Graduation Year


Document Type




Degree Name

MS in Civil Engineering (M.S.C.E.)

Degree Granting Department

Civil and Environmental Engineering

Major Professor

Austin Gray Mullins, Ph.D.

Committee Member

Rajan Sen, Ph.D.

Committee Member

Michael J. Stokes, Ph.D.


dry soil mixing, wet soil mixing, FHWA, organic field surveys, organic case studies


Soil mixing is a procedure that has proven to be effective for loose or soft compressible soils. The method stabilizes the soil in-place using specialized augers, tillers, or paddles that inject grout or dry cementitious powders as part of the mixing process. The Federal Highway Administration design manual for soil mixing helps to estimate the required amount of cementitious binder to produce a target design strength. However, it is biased towards inorganic soils and only mentions caution when confronting organic soils which usually come with a high water table, moisture content and void volume.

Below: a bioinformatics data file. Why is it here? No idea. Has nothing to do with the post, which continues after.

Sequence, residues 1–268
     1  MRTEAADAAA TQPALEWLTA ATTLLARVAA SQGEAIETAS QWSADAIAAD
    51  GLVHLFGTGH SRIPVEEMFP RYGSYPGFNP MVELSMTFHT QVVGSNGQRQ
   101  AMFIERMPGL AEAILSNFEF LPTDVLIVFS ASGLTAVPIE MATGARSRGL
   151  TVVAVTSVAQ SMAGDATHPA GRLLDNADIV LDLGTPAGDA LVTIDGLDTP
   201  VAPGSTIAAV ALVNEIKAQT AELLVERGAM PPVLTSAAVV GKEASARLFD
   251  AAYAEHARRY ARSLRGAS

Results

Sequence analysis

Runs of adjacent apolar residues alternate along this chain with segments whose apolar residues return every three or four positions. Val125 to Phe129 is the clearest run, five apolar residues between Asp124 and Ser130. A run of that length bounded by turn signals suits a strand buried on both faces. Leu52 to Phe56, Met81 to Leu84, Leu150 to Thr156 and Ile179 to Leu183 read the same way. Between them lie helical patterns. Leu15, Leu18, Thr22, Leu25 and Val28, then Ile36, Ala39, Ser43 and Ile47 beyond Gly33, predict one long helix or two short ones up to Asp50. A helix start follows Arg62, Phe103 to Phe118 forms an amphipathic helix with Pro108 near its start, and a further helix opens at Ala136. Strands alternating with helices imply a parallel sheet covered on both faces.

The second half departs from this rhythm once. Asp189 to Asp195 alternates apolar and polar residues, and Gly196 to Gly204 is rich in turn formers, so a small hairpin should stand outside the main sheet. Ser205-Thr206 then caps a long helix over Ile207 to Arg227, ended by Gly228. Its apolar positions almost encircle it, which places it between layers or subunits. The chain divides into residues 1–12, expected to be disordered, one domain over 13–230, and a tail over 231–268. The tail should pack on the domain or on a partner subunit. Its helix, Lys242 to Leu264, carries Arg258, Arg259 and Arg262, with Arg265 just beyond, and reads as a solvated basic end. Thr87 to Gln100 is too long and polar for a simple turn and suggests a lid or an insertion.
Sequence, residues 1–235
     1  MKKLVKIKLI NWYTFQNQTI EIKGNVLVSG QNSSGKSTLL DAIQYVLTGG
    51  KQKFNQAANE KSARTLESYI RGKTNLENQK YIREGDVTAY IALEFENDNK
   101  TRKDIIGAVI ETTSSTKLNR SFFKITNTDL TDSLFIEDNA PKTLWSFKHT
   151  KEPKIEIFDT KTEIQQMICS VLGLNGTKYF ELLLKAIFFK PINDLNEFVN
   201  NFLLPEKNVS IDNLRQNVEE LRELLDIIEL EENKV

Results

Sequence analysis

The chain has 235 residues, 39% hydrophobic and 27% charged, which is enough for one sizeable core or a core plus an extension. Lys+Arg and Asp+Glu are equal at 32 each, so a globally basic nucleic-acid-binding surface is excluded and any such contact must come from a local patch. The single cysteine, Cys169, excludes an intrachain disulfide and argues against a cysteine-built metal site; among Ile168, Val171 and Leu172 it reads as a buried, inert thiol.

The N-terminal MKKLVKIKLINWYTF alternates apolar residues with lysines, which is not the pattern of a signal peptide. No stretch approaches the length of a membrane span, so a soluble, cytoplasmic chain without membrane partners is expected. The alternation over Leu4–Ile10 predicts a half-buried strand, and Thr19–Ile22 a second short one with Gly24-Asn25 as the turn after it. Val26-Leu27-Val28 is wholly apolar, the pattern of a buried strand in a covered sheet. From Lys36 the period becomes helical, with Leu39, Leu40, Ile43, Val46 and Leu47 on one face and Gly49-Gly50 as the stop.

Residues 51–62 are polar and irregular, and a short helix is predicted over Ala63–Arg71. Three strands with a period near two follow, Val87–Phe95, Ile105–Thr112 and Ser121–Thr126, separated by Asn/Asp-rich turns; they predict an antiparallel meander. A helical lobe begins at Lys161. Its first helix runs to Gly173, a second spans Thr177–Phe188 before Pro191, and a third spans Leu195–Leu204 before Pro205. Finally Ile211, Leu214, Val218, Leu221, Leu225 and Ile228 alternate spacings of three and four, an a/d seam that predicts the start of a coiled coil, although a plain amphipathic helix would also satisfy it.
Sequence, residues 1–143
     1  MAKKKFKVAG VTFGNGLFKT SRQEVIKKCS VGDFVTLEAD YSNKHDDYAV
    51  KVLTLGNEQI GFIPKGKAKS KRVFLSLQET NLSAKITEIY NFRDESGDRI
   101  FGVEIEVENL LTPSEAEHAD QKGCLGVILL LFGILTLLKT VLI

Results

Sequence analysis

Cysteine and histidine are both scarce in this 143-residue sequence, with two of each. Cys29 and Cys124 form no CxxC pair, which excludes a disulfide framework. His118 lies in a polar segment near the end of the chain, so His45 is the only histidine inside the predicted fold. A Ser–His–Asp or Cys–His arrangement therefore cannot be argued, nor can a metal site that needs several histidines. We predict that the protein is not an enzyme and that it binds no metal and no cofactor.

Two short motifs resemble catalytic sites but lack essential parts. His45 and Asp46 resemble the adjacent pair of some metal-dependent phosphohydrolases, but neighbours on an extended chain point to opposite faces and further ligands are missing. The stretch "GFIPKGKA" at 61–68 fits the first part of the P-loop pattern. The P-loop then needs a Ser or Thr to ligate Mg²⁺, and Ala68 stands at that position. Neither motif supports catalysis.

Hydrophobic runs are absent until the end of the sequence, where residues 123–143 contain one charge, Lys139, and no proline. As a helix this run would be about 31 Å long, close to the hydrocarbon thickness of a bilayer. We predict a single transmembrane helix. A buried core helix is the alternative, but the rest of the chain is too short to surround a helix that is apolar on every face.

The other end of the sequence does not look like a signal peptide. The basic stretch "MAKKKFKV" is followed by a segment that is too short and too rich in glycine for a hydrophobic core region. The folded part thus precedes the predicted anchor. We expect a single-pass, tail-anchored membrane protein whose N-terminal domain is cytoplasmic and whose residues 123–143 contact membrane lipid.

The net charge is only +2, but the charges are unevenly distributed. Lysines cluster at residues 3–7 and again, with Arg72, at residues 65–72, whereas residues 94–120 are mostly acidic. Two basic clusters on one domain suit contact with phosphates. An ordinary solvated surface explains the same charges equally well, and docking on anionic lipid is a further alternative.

The Swedish Deep Stabilization Research Centre cited studies with highly organic soils in regards to soil mixing and suggested that organic soils may need to reach a ‘threshold’ of cement content before strength gain can occur. The University of South Florida also conducted a study on highly organic soils and was able to confirm this concept. USF also proposed a threshold selection curve based on the organic content. This thesis extends this concept to the bench scale testing of multiple full scale field studies.

This thesis will conclude with the presentation of new threshold curves based on the new data from the added field case studies. Given that there were variable binders and soil types used in the data analyzed, these threshold curves are dependent upon soil type and binder type, thus expanding upon the curve previously suggested.